The set for Triad Stage’sÂ And Then There Were None called for a posh, but stark, Art Deco design. One of the key furniture pieces is a liquor cabinet, since each of the ten characters has at least three drinks through the course of the play.
I had no luck sourcing an Art Deco liquor cabinet in this part of the country, so I decided to build it. Having a very distinctly Deco piece on stage would help the other less-distinctly Deco pieces feel at home in the period. Robin Vest (the scenic designer), and I passed around some research images and landed on a piece that had all the right elements but was still achievable with my equipment and time.
One defining element for this style of furniture is the bold, sweeping curves. These were traditionally made by bending thin sheets of wood and laminating them together to create a curved piece of plywood, then adding a highly-figured veneer on top. That was beyond my budget, but I had previously bent plywood by cutting kerfs, and thought I could do it again. The design of the cabinet was specifically chosen to easily hide the kerf cuts.
I chose some nice maple plywood from the big box store. The back of the cabinet and the doors would establish the curves, so I taped them together when gang-cutting them on the band saw.
When all the flat, fixed pieces were cut, I assembled it together without glue to make sure everything was measured correctly. The cabinet was basically two parts with a door on each side.
To cut the kerfs, I first measured where the curve would begin and where, roughly, it would end. I left the piece a bit long, intending to trim it to the exact size once the kerfs were all cut. You can never calculate exactly how long a piece should be when you add a curve to it; the material behaves differently than how the math predicts.
I set the blade height on the table saw so it would cut through all but the last layer of ply on my plywood. I used a sled to cross cut the groove through the length of the wood. I had a marking on the table saw so that after each cut, I could slide the wood down to make the next cut, and each cut would be evenly spaced.
I’m sure there is some formula to calculate how far apart each cut should be, but I just used a test piece of wood to make sure I was achieving the curve I needed.
When all the kerfs were cut, I was ready to attach the bent pieces to the frame. They were glued to the back of the cabinet, while the front would be open for the doors. I clamped the doors in place so the plywood was held in the correct shape while the glue dried.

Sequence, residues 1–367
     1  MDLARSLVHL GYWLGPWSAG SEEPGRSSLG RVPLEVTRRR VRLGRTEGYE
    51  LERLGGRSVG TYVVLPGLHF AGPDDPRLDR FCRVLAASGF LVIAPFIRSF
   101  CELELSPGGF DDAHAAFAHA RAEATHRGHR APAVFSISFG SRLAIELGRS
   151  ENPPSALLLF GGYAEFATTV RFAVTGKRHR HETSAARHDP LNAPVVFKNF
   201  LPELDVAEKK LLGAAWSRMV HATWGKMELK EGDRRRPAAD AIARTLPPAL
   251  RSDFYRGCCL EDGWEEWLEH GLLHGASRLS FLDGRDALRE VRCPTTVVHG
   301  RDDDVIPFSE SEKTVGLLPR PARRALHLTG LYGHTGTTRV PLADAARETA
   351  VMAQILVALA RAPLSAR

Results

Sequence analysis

While everything was still clamped, I filled the kerf cuts with a mix of sawdust and wood glue to sort of “lock” it in place. A curved piece of wood like this can move if it is not fully supported.
The curved pieces were a bit springy without any front supports, so I added an oak frame. It was inset so the doors would still be flush with the front when mounted; it also helped serve as a door jamb to prevent the doors from swinging inside.
I stained the outside of the cabinet with one coat of English Chestnut stain. All the plywood edges were sanded smooth and filled, then painted black. The curved edges needed a lot of filling to close the gaps from the kerfs. Everything then got two coats of amber shellac, sanded down with some #000 steel wool after each coat.
For the sides of the interior, I laid in some thick mirrored mylar I had left over from another project. A lot of liquor cabinets in this style had mirrored interiors. It also allowed me to cover the kerfs on the inside of the curves, which would have taken forever to sand smooth. The remaining interior surfaces were painted with some bright yellow I had gotten for another 1930s-inspired piece.
I also added some molding to the bottom and two more panels to the top to create the stepped design that is another characteristic of this style.
After mounting the doors, the final step was adding the handles. I cut and shaped some basic handles out of a piece of two-by-four. I added them after the doors were mounted because they all needed to line up visually with each other, even if the doors were not precisely straight and even.
I was very proud of this piece. Even though its flaws and theatrical construction were apparent up close, it looked stunning from only a few feet away.